Data Matters No. (28)
In Myanmar, the number of internally displaced people (IDPs) due to conflict and cross-border refugees from 1989 to August 20, 2022 has reached 2,930,201. Of these, 1,413,811 represent the increased number of refugees and IDPs since the 2021 coup, accounting for 48 percent of the total. There were also more than 497,200 internally displaced persons who were already on the run due to armed conflicts which had occurred before the coup. The combined number of cross-border refugees before and after the coup is at least 1,019,190.
As fighting continued to escalate across the country in the aftermath of the coup, the number of refugees also continued to rise on a monthly basis. The number of people displaced by the clashes reached 856,186 between January 1 and August 20 of 2022. This figure accounts for over 60 percent of the total number of freshly displaced people since the coup. Sagaing Region continued to record the highest number of internally displaced persons regionally with at least 533,833 (more than 37 percent). Magway Region recorded the second highest post-coup IDP total with at least 171,450.
A quarter of the total number of townships across Myanmar saw a combined surge of almost 1.5 million internally displaced persons since the coup. These included 23 townships from Sagaing Region. Comparing township-level data, Kayah State’s Demoso Township alone recorded more than 126,000 displaced persons, becoming the township with the highest increase in displaced persons since the coup.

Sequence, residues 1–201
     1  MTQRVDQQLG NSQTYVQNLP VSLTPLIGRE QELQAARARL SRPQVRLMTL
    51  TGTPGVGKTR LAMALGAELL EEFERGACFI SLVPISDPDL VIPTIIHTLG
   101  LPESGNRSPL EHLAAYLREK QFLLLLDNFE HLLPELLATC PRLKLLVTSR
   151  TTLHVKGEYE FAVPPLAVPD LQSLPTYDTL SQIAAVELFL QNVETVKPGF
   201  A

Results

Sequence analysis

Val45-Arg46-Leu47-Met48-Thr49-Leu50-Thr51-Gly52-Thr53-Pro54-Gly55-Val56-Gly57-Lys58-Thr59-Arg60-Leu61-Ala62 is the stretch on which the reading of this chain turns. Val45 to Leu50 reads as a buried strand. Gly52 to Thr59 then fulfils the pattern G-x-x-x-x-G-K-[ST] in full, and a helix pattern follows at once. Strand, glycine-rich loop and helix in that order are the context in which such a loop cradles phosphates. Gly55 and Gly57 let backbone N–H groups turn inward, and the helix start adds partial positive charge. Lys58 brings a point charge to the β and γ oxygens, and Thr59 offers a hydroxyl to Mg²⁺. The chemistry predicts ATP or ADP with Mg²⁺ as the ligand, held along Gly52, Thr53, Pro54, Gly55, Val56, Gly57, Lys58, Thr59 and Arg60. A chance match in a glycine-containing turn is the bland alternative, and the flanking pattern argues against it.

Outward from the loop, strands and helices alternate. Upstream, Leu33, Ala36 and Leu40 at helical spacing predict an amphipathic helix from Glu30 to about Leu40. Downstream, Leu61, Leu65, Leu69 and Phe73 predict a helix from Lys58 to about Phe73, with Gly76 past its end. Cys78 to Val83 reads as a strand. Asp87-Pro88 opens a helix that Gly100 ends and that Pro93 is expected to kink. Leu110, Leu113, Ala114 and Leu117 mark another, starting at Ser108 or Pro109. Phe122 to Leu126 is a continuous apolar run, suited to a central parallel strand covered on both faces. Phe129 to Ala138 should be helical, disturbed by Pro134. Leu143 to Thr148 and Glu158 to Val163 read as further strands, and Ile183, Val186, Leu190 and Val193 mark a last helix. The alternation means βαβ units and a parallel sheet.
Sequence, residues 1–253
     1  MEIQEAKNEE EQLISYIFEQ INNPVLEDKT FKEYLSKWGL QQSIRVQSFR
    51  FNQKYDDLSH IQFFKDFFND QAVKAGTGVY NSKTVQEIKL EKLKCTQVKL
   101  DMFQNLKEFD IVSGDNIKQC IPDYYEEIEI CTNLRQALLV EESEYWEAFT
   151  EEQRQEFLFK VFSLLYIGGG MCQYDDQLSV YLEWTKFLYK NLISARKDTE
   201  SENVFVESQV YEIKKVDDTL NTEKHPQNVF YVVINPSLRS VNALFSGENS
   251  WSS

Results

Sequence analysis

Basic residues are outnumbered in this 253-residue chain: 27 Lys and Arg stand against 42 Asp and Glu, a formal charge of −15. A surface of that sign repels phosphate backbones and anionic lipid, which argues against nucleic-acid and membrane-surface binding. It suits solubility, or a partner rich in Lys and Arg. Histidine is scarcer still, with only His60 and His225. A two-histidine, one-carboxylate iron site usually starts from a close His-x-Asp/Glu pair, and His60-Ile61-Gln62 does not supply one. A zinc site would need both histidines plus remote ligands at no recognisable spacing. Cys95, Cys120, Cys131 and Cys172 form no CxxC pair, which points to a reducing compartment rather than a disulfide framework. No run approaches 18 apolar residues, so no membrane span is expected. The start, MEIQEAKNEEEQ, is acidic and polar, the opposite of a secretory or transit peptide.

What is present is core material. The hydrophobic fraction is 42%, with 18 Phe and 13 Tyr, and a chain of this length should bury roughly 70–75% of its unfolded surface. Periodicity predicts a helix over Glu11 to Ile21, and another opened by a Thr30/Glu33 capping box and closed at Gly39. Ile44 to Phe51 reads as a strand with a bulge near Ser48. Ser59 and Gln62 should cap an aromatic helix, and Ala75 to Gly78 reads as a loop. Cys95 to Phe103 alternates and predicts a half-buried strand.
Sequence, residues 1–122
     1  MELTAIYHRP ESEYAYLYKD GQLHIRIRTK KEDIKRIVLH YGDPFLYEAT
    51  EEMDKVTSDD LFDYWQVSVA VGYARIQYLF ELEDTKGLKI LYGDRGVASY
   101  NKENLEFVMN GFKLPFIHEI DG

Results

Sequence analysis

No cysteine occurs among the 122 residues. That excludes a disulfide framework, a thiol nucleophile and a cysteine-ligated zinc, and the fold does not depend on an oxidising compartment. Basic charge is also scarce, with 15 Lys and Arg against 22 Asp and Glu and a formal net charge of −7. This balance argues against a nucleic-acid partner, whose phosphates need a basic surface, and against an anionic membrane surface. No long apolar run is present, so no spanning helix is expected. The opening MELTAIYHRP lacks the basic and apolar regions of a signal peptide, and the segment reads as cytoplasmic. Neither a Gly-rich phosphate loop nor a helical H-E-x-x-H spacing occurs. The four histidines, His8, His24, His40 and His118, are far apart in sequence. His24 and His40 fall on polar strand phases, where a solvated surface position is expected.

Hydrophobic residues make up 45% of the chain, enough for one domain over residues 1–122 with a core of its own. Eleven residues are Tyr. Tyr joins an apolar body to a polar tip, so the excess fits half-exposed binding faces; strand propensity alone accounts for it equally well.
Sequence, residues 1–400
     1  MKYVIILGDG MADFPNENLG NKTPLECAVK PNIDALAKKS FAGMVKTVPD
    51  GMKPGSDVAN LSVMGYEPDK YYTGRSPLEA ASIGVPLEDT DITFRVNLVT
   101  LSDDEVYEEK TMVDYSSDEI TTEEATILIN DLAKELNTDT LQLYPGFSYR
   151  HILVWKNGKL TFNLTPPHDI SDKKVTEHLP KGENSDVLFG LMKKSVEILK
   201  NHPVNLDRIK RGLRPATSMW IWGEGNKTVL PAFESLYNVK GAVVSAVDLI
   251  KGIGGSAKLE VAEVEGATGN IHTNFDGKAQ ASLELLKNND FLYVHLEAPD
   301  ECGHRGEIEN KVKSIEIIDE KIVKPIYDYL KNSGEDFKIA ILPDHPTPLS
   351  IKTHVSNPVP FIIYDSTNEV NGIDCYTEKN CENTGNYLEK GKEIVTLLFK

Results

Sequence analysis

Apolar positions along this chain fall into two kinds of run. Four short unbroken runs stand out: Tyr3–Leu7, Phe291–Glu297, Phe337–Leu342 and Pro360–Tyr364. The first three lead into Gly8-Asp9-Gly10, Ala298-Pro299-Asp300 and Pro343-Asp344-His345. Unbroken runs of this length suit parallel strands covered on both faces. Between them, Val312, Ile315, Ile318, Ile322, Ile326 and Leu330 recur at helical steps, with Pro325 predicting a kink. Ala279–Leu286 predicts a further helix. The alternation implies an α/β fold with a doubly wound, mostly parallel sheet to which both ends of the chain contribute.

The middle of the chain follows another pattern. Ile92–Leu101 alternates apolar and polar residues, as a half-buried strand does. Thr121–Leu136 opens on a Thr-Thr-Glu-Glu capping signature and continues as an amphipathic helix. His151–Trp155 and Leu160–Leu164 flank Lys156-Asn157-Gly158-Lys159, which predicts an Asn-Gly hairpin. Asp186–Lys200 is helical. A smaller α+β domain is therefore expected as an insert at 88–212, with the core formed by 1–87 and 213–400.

∎ Why does it matter?
By looking at the number of civilian fatalities and injuries, how they were killed and wounded, and the number of people displaced by fighting involving SAC’s forces and EAOs, or within EAOs themselves, it is possible to examine whether or not armed forces have committed human rights violations from the perspective of transitional justice. In addition, by studying the post-coup situation, further research can be conducted to examine whether there has been a change in conditions related to Myanmar’s peace process.
∎ Other relevant readings
On-the-ground reports from ethnic news organizations and other independent media groups provide regular updates about conflict situations, their impact, and the collateral damage in the aftermath of the military coup. These include reports of renewed fighting in ethnic areas, civilian fatalities, and rising refugee and IDP issues on the ground. In addition, records and reports by United Nations organizations such as the United Nations Office for the Coordination of Humanitarian Affairs (UNOCHA), and other independent local and foreign organizations also provide information about the ongoing conflict situation in Myanmar.